JOURNAL ARTICLE

A health-economic evaluation of disease-modifying drugs for the treatment of relapsing-remitting multiple sclerosis from the German societal perspective

Mark Nuijten, Thomas Mittendorf
Clinical Therapeutics 2010, 32 (4): 717-28
20435242

OBJECTIVE: This analysis compared the cost-effectiveness of interferon beta-1a (IFNbeta-1a) 44 microg SC with that of other available first-line treatments for relapsing-remitting multiple sclerosis (RRMS) from the German societal perspective in 2008.

METHODS: A decision-analytic model was used to estimate the cost-effectiveness of IFNbeta-1a 44 microg SC given 3 times weekly compared with that of IFNbeta-la 30 microg IM given once weekly, IFNbeta-1b 8 mIU given every other day, and glatiramer acetate 20 mg SC given once daily. Data sources included the published literature, clinical trials, German price/tariff lists, and national population statistics. The time horizon of the model was 4 years, which was the maximum duration of follow-up in published clinical trials.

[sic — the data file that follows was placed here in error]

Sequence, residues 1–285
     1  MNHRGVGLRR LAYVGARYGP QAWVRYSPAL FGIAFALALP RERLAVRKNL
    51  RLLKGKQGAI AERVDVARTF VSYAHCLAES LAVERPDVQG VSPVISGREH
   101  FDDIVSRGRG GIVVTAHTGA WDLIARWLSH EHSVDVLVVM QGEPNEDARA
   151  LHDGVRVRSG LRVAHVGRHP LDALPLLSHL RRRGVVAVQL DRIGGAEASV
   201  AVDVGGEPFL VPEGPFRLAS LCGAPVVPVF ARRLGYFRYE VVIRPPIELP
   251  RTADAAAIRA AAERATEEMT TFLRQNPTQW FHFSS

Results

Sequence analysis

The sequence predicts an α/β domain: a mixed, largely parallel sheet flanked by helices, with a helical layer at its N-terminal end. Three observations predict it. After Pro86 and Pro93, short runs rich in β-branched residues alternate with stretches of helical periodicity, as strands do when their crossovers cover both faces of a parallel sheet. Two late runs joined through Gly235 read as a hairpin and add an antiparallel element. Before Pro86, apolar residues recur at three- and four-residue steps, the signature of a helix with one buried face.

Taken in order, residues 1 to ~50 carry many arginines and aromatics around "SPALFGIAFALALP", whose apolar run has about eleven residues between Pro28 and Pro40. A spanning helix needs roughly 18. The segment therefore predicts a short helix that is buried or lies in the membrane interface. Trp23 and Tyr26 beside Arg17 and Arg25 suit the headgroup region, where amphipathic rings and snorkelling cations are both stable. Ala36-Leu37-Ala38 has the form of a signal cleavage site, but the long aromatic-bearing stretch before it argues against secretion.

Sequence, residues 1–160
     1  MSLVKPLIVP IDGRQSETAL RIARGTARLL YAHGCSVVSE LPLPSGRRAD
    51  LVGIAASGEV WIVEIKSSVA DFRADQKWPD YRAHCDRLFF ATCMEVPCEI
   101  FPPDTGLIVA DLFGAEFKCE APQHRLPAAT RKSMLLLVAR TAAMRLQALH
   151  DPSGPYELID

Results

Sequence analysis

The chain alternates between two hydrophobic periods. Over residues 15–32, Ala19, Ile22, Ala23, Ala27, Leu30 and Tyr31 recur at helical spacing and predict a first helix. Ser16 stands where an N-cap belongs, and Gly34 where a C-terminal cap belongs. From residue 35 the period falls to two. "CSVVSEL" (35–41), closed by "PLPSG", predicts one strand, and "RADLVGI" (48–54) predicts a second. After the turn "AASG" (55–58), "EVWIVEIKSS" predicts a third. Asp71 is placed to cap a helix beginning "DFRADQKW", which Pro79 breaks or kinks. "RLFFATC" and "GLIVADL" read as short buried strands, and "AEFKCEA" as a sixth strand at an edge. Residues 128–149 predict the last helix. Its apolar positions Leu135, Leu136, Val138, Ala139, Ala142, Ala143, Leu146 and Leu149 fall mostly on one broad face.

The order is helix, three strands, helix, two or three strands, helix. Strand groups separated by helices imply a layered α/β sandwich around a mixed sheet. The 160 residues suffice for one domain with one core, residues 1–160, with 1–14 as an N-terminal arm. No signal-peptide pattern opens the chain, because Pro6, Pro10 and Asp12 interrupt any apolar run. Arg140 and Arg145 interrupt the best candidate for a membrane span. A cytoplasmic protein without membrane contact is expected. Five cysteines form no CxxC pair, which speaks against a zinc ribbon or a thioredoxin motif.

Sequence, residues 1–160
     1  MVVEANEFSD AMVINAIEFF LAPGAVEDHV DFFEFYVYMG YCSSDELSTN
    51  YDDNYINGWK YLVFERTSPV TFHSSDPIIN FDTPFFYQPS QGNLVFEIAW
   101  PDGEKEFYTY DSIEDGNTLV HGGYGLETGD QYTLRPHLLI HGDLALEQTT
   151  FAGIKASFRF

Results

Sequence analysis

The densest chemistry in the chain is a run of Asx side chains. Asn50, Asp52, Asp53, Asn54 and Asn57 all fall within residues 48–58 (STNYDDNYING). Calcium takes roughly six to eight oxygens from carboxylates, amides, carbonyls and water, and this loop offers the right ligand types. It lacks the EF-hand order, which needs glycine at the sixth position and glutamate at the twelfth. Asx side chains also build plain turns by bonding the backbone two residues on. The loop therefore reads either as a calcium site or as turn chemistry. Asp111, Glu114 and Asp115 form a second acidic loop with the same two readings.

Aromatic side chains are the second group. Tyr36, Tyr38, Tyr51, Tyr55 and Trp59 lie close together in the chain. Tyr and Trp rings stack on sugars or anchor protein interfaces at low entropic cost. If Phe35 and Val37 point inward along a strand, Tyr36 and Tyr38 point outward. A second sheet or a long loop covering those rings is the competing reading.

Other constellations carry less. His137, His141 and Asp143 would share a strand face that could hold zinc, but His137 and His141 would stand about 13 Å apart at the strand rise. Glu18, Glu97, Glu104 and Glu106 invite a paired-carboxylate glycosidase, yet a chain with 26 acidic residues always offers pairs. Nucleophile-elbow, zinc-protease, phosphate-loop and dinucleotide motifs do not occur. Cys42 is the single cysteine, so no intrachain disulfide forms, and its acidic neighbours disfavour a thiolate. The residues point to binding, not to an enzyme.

RESULTS: The cost-effectiveness (cost per relapse avoided) of IFNbeta-la 44 microg SC compared with no active treatment was euro51,250, which compared favorably with that of IFNbeta-la 30 microg IM (euro133,770), glatiramer acetate (euro71,416), and IFNbeta-1b (euro54,475). When the cost of disease progression was excluded, the cost per relapse avoided remained favorable for IFNbeta-1a 44 microg SC (euro54,292) compared with the other options (euro143,186, euro72,809, and euro56,816, respectively). Indirect comparison of each available treatment option with the next best alternative indicated that the incremental cost-effectiveness of IFNbeta-la 44 microg SC (euro23,449) was consistent with accepted thresholds. Sensitivity analyses in which the discount rate, frequency of relapse and disease progression, costs of relapse and disease progression, and adherence were varied did not affect the relative outcomes.

CONCLUSION: In this analysis from the German societal perspective, IFNbeta-la 44 microg SC had favorable overall cost-effectiveness versus no active treatment compared with other available disease-modifying drugs for the treatment of RRMS.

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